If there’s one thing that’s worth spreading this holiday season, it’s the spirit of giving. At the forefront of doing good deeds are Oklahoma’s nonprofits and other charitable organizations, many of which are spearheading festivities that address their communities’ greatest needs.

No matter the cause, these places depend upon the support of others to bring their programs to life. Moreover, the COVID-19 pandemic has amplified the demand for volunteers and contributions to aid those struggling.

“The pandemic has not been easy on families,” says Krista Hemme, chief marketing officer at the Tulsa Area United Way. “It’s caused a lot of stress from lost income from instability at jobs.”

However, there are multiple ways to lend a helping hand this year. Working alongside its 59 partner agencies, TAUW is hoping to inspire Oklahomans to take action by launching a seasonal webpage: tauw.org/winter-holiday-volunteer-opportunities.

Hemme describes it as a “one-stop-shop,” where people can learn about the numerous ways to get involved. 

“Even just having a festive meal that a family would otherwise not have can really make a big difference during the holidays,” she says.

LIFE Senior Services is another nonprofit that’s making the season a special time through its Holiday Project, which will provide 600 gifts to members of ADvantage Case Management, LIFE PACE, and Adult Day Health Centers. To pull it off, the nonprofit is looking for volunteers to wrap and deliver gifts and assist with administrative work.

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“This is a busy time of the year for volunteerism,” says Heidi Braver, volunteer manager at LIFE. “We definitely see an increase of individuals who want to ensure that our participants have a wonderful holiday season.”

With that same goal in mind, the Salvation Army is spreading cheer through its Red Kettle and Angel Trees campaigns. These Christmas programs require hundreds of volunteers to help raise funds, run registration booths, and organize and distribute donated gifts.  

Both programs have rich histories that illustrate the Salvation Army’s commitment to do good. The Red Kettles date back to 1891, when Capt. Joseph McFee helped feed the hungry by asking citizens of San Francisco to place donations in a crab pot with a sign that read ‘Fill the pot for the poor – free dinner on Christmas Day.’

Capt. Charles and Shirley White conceived the Angel Tree program in a shopping mall in Lynchburg, Va., in 1979. Since then, it has become a staple of the Salvation Army’s annual programming. In 2020, the Tulsa Area Command distributed 50,650 gifts and 2,797 holiday food boxes throughout the community.

“It’s a large-scale operation,” says Wayde Normandin, volunteer and disaster resource manager at Tulsa’s Salvation Army. “We rely on our volunteers … to make Christmas special for people.”

For those who may have less time to spare, there are several organizations requesting drop-off donations, such as Family & Children’s Services, the Tulsa Day Center, Rescue City Mission and the OKC Homeless Alliance. The requested items help cover the basic needs of people served, along with providing gifts and holiday baskets to children and families.

During the hustle and bustle of the holidays, volunteering can serve as a reminder of what’s most important: family, friends and our communities.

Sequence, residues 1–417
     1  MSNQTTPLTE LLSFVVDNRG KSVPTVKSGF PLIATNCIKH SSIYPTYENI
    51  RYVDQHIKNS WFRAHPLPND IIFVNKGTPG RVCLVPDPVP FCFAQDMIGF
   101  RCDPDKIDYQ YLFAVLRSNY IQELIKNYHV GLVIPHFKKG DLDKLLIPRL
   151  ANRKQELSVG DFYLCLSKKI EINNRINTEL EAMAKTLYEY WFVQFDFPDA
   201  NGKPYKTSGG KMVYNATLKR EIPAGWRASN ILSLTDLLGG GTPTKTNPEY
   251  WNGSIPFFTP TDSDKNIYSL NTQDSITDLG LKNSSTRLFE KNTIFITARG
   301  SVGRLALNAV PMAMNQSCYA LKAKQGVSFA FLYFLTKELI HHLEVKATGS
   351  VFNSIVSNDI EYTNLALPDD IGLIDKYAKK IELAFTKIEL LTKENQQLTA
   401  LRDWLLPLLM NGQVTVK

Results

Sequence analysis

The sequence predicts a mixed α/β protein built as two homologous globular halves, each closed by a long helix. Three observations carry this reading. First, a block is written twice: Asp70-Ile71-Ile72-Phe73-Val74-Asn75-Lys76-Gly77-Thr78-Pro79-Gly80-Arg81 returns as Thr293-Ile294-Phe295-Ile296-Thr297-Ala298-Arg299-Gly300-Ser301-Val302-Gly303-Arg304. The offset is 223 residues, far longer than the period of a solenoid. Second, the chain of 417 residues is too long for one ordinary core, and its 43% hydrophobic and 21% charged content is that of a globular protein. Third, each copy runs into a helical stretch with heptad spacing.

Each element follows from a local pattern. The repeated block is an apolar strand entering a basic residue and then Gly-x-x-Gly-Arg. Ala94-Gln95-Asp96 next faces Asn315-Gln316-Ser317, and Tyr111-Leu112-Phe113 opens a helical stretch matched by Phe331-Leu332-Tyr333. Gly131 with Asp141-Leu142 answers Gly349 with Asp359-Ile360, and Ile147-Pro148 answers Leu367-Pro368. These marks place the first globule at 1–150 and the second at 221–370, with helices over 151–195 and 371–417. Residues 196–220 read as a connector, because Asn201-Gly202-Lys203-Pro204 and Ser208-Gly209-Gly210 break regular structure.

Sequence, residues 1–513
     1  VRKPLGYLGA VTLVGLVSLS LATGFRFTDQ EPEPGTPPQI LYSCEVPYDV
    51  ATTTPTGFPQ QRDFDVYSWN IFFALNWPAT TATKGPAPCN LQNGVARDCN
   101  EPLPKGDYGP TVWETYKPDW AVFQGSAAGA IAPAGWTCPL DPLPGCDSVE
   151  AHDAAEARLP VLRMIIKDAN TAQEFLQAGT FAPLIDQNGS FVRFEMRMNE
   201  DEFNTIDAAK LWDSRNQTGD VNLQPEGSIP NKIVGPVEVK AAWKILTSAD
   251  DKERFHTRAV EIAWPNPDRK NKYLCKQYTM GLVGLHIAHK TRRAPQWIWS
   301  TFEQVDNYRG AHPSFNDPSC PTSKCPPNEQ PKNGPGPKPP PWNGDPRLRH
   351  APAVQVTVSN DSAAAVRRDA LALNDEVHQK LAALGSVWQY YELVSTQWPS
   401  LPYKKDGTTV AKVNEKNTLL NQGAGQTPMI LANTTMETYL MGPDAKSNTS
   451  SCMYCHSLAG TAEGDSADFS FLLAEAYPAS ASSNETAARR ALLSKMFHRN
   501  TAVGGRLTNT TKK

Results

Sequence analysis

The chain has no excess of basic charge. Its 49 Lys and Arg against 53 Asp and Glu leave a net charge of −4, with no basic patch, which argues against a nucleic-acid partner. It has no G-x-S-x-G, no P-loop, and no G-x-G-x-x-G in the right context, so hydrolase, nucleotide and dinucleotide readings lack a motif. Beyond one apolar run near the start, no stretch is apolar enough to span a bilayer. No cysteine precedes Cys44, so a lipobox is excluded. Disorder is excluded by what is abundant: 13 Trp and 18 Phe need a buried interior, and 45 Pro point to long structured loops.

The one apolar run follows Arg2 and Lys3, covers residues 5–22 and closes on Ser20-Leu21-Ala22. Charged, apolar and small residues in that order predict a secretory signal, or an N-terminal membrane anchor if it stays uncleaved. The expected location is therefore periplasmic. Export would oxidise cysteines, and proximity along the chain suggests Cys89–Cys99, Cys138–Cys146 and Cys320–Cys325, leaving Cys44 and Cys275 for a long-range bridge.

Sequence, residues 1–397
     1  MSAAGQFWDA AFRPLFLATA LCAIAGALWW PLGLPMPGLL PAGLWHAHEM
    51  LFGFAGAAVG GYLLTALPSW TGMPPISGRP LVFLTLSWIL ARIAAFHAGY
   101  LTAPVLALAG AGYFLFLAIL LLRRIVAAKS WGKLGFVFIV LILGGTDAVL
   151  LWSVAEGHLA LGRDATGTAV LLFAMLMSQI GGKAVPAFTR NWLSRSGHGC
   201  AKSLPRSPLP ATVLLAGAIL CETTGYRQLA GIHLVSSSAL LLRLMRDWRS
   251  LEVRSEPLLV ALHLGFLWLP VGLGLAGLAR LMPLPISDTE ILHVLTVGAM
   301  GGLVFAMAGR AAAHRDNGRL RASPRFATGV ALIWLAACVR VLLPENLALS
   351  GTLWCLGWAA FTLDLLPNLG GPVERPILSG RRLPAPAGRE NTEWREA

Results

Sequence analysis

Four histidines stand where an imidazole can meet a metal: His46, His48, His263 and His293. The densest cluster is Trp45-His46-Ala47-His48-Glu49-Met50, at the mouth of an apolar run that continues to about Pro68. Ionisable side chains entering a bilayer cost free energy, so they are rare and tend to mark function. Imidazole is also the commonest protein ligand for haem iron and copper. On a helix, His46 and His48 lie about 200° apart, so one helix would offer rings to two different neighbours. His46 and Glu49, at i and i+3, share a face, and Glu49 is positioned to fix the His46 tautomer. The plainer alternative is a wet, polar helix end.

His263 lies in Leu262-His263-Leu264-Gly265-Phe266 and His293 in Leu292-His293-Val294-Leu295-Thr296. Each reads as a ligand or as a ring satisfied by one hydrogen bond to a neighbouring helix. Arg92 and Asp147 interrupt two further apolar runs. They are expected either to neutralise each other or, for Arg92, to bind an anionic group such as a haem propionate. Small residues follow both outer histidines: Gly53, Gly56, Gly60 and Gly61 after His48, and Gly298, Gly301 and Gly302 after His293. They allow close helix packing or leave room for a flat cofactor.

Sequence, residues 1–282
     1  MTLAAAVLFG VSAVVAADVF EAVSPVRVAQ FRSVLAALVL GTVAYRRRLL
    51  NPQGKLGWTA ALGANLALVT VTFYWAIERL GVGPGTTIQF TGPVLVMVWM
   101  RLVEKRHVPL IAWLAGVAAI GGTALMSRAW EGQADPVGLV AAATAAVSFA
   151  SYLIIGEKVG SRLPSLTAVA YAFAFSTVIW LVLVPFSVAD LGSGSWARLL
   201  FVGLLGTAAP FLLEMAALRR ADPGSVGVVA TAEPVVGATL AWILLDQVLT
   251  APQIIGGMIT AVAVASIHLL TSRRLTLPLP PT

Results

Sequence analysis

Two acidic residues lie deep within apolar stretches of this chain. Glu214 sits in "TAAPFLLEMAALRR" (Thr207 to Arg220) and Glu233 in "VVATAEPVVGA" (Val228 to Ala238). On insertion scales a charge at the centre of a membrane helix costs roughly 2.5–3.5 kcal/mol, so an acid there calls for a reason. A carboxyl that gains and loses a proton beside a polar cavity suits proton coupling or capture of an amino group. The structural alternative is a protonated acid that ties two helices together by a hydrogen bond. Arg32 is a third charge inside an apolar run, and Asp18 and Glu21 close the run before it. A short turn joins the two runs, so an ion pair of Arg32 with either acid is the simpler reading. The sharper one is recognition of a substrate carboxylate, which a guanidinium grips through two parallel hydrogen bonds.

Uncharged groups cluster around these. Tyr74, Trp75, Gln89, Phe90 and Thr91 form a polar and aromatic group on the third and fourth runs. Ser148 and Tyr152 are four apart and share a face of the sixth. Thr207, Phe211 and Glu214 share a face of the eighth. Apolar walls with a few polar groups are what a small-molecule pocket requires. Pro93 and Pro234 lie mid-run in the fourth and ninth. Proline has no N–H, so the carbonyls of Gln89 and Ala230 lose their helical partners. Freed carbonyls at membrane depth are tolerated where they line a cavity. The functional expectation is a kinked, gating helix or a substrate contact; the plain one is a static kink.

“It’s really all-hands-on-deck for all of us,” says Normandin. “It’s a wonderful time and a beautiful opportunity for folks to give back during the Christmas season.”

Oklahomans Give Back

Although the holidays will come to pass, the need for volunteers extends throughout the year. According to a report from the Oklahoma Center for Nonprofits, Oklahomans provided over 94 million hours of community service in 2020, totaling an estimated value of $2.2 billion in labor.
To promote volunteerism, many of the state’s nonprofits participate in the United Way’s Day of Caring, an annual event that sources volunteers from companies and organizations within the community. Last year was the 30th anniversary for the Tulsa program, and over 2,400 people from 80 different organizations participated.
“We have groups of employees from different companies that go into the community and help our nonprofit agencies by doing service work, whether it’s sprucing up the landscaping or building benches and picnic tables for schools,” says Hemme. “It’s a remarkable turnout.”
The United Way of Central Oklahoma and the Tulsa Area United Way work to provide a social safety net to their partner agencies by funding 10 to 20% of their annual budgets. To raise funds, the United Way holds workplace campaigns and special events every year.
Similarly, the Salvation Army closes the gap for those in need through its wide range of programming and community-based services. In September, members of the Tulsa Area Command traveled to Louisiana to provide disaster relief to survivors of Hurricane Ida.
“Our staging area was in Gonzalez, Louisiana,” says Normandin. “[We would] set up and pass out water and hot food and breakfast boxes.”
For two weeks, the Salvation Army distributed approximately 800 meals every day. The organization offers training for its disaster services at its multiple locations throughout the year as a starting point for people to get involved.
Normandin says volunteering is a way to contribute something “bigger than ourselves.” Individuals who are interested in making a difference can reach out to their local nonprofits and charitable organizations to find current volunteer opportunities.